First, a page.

Consider the operation of up-sampling a signal n times by repeating each sample n times in the time domain. What would the frequency domain response of the resultant signal be like given the frequency response of the original signal?

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    $\begingroup$ this is just a discrete-time interpolation with zero-order hold kernel. $\endgroup$ – Fat32 Nov 28 '18 at 11:36

It's quite benefical to view the mathematical expression of the process as well.

In discrete-time interpolation, a mere $N$ times repetition of a single sample (pixel) into the new enlarged block is an interpolation with zero-order hold kernel. This is mostly applied for simple fast but crude image zooming.

In 1D, the kernel is $$h_0[n] = \begin{cases}{ 1 ~~~,~~~ 0 \leq n \leq N-1 \\ 0 ~~~,~~~ \text{ otherwise } } \end{cases} \tag{1}$$

The interpolated signal can be expressed as :

$$y[n] = \sum_{k} x[k] h_0[n-kN] \tag{2}$$ this can be expressed as a convolution like

$$y[n] = \left(\sum_{k} x[k] \delta[n- Nk] \right) \star h_0[n] \tag{3}$$

where the signal in parenthesis is the expanded version of $x[n]$:

$$x[n] \rightarrow \boxed{ \uparrow N} \rightarrow x_e[n] = \sum_{k} x[k] \delta[n- Nk] \tag{4}$$

Applying DT Fourier transform on Eq(3) yields:

$$ Y(e^{j\omega}) = X_e(e^{j\omega}) \cdot H_0(e^{j\omega}) \tag{5} $$

where $X_e(e^{j\omega}) = X(e^{j\omega N}) $ due to the expansion operation in Eq(4) and $H_0(e^{j\omega})$ is the DTFT of the rectangular pulse $h_0[n]$ which is:

$$H_0(w) = e^{-j\omega (N-1)/2} \frac{ \sin( \omega N /2 ) } { \sin( \omega / 2 ) } $$

then the result becomes:

$$ Y(e^{j\omega}) = X(e^{j\omega N}) \cdot e^{-j\omega (N-1)/2} \frac{ \sin( \omega N /2 ) } {\sin( \omega / 2 ) } \tag{6} $$

Whose magnitude is : $$ \boxed{ |Y(e^{j\omega})| = |X(e^{j\omega N})| \cdot \left| \frac{ \sin( \omega N /2 ) } {\sin( \omega / 2 ) } \right| } \tag{7} $$

Note that the $X(e^{j \omega N})$ is composed of repeated images of $X(e^{j \omega})$. And the effect of the interpolation kernel $h_0[n]$ is to remove the images as much as possible with that crude frequency response $H_0(e^{j \omega}) $.

The following Octave/Matlab code demonstrates the operation:

clear all; close all; clc;

N = 8;    % interpolation
L = 32;   % original signal length
x = 5*( sin(0.3*pi*([0:L-1]-L/2))./(pi*([0:L-1]-L/2))).^2;

h0 = ones(1,N);

xe = zeros(N*L,1);  % expanded signal
xe(1:N:N*L) =  x;

yi = conv(xe, h0);  % the interpolated signal: y[n] = xe[n] * h0[n]

title('original signal');
title('zero-order hold interpolated output');

title('Spectrum magnitude of x[n]')

hold on

with the following outputs:

enter image description here

and the spectrum:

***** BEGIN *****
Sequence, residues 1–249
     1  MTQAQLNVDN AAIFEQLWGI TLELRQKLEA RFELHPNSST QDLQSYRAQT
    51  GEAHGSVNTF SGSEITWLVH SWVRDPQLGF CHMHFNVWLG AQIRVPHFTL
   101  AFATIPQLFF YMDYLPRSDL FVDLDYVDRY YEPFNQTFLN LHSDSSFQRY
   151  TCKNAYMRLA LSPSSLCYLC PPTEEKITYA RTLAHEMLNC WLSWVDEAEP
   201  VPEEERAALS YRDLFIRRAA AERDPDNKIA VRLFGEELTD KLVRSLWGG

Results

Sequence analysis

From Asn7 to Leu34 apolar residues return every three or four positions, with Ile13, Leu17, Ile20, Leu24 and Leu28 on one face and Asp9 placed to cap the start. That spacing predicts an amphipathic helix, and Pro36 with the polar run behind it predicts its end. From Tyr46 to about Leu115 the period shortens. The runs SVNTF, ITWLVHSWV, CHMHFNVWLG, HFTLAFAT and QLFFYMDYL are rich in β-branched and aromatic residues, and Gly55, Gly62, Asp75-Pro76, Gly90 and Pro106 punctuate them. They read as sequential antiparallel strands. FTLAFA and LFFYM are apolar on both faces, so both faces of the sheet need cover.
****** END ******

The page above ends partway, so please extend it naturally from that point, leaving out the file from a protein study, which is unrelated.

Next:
enter image description here

as you can see, the nulls of the periodic sinc (the Dirichlet kernel) are at the centers of the repeated spectra (the images) of $X(w)$. However this is not enough to suppress them all unlike an ideal lowpass filter (or one of its adequate approximations) which would completely eliminate the image spectra and yield only the one inside the main lobe; hence yielding a perfect interpolation compared to this crude zero order hold kernel giving.

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    $\begingroup$ Wow, great answer! This is better than the other answer that it helped me realize how the Dirichlet kernel suppresses the repeated images and provides for a neater frequency response. Thanks $\endgroup$ – Kevin Selva Prasanna Nov 28 '18 at 13:13
  • $\begingroup$ @KevinSelvaPrasanna your welcome ! $\endgroup$ – Fat32 Nov 28 '18 at 13:16
  • $\begingroup$ Note that this upsampling method (repeating samples) does not conserve spectrum very well. Zero-padding the added samples however gives a periodization of the spectrum, so that the original information can still be extracted with a low-pass filter $\endgroup$ – MaximGi Nov 28 '18 at 13:17

There are two ways (I see right now) to model this system in terms of other known systems. First that comes to my mind is a zero-order sample and hold system. Although those are usually described in a continuous time domain, it might be interesting to look at as well.

Another model is a combinition of a usual upsampler followed by an FIR with all $N$ taps set to $1$, where $N$ is equal to the upsampling factor.

So first you get the usual narrowed down and repeated Frequency spectrum the upsample block produces and then you multiply it with the FIRs frequency response. As the filter is a rectangle with height $1$ and width $N$ in the time domain, its frequency spectrum is a phase-shifted Dirichlet kernel.

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    $\begingroup$ That's a good answer, it's just that in discrete time the transform of a (discrete) rectangle is not a sinc function but a Dirichlet kernel. $\endgroup$ – Matt L. Nov 28 '18 at 10:29
  • $\begingroup$ Wow! thanks. I really like the second model. $\endgroup$ – Kevin Selva Prasanna Nov 28 '18 at 11:19

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